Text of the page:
It’s not often that I sit down, write a review, and then subsequently delete every line of it. Pitre’s work leaves me stymied more often than not; of course The Seeker and The Healer is not wholly Pitre’s doing, Cory Allen has had quite a substantial hand in its construction as well, but enough of his influence can be felt here than I’m left speechless as to how to tackle the musical and emotional content of this release. Pitre’s 2012 release Feel Free is perhaps one of my favourite records of recent years; a beautiful exercise in restrained and precise Minimalism, its unbroken 50 minute flow is technically astonishing and emotionally subtle, and I’ve never found a way to adequately describe how it makes me feel. This blasted record is seemingly a repeat of that.
It’s actually very reminiscent of Feel Free‘s flow in some ways; opener “The Seeker” is absolutely the bigger and more empowered of the two pieces, evoking more complex atmospheres through unfolding textural development than its sibling. It does open gingerly though; measured and slow piano keystrokes develop the mournful attitude much of this piece seems content to wallow in, quickly seeding the hollow darkness and allowing the bigger lines of the harmonium and a 49 stringed drone harp of Allen’s own design to come to the fore in a big way. It’s rarely a smooth ride, the harmonium seemingly fraying at the fringes of fidelity at times, and the drone harp rising up in a sad and heavy crescendo through the bleakest and most morose sequence of the track, both supplemented by jangly guitar lines clearly of Pitre’s creating. Whilst the drones arrive in deep-rooted pulses, the guitar is more brash and surficial, rattling and echoing its harshness and semi-chaotic arpeggios off the walls of an already damaged and confused piece.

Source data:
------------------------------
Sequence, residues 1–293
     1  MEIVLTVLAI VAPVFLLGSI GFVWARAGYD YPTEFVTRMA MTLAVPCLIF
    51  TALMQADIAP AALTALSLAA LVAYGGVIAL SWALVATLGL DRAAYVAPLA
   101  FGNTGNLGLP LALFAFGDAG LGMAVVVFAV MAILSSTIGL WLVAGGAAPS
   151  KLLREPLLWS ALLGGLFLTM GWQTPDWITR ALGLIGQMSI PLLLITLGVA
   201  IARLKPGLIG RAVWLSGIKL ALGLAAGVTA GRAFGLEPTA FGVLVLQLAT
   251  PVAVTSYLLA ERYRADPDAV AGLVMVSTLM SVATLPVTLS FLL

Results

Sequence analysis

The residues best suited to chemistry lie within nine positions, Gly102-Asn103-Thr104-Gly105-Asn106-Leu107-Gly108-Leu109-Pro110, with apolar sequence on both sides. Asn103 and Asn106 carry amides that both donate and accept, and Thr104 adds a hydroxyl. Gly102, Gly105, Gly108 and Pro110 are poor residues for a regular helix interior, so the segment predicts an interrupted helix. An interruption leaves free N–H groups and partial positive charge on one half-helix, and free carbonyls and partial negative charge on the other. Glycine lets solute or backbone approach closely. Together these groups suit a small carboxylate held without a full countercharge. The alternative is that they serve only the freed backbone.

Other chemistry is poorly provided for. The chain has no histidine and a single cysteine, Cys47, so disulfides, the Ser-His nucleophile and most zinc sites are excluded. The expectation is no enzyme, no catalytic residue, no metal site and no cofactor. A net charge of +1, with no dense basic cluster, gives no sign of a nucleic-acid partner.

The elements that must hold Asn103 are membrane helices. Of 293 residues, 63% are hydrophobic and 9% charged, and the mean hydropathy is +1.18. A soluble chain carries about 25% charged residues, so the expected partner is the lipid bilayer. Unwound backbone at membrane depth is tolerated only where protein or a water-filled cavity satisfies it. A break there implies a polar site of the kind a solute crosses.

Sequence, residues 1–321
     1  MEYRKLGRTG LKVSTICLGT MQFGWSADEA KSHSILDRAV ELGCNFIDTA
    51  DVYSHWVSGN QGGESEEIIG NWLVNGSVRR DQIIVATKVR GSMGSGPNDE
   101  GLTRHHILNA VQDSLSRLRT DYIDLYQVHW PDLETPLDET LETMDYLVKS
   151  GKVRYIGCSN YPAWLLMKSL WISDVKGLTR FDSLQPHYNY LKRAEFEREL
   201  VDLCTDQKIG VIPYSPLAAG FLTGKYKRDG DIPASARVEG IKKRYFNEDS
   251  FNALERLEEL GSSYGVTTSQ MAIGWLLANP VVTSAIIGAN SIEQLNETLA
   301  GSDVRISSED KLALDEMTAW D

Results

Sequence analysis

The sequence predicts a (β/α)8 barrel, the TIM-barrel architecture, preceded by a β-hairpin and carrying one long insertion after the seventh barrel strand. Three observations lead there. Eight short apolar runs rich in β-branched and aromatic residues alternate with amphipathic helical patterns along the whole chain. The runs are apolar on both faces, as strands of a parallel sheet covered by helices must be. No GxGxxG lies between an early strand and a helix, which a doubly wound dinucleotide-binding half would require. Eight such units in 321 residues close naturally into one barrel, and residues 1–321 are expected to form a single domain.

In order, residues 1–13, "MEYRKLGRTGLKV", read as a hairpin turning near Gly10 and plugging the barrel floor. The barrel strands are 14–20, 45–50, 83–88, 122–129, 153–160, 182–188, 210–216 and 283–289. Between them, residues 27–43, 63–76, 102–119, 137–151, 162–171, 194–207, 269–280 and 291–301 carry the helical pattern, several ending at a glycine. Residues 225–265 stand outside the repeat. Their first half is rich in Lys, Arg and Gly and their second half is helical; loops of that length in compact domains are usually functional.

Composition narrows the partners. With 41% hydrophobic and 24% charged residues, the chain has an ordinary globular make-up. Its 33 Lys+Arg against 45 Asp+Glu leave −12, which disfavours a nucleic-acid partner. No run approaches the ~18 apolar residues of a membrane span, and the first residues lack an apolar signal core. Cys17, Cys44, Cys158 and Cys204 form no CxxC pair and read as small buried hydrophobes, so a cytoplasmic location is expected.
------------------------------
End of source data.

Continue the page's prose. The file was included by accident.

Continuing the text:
“The Healer” is the logical salve to this rather oppressive and distressing first half then, and the slow droning minimalistic conclusion we also found within Feel Free. Opening on sequences of Pitre’s gorgeous bowed guitar it barely grows from the outset in a textural sense, only allowing its calm and placid friend the harmonium and later the piano into its arms, anything but the calamitous and harsh realities of the former. I find myself just as content to sit in its luxurious and expansive drone vistas as it seems to be; sitting here in the Sun and letting the laughter and gleeful shouts of distant children playing waft through the lightweight drone lines, it’s hard not to smile or feel quietly happy, even if there is no apparent source. It just exudes a carefree warmth that’s easy to get caught up in.
I love the juxtaposition of these two pieces; whilst I’m not entirely happy about “The Seeker” it’s role in the album is obvious and I appreciate the fact that it seems to make “The Healer” an altogether more enriching experience. It’s astonishing to me how evocative the sparse and slow drones of that piece can be, but also how polarising the disjointed and distressed instrumentation of its sibling can be as well. I genuinely can’t do anything other than praise its elegant and touching constructions and hope that others find the same emotional power in this beautiful release that I do.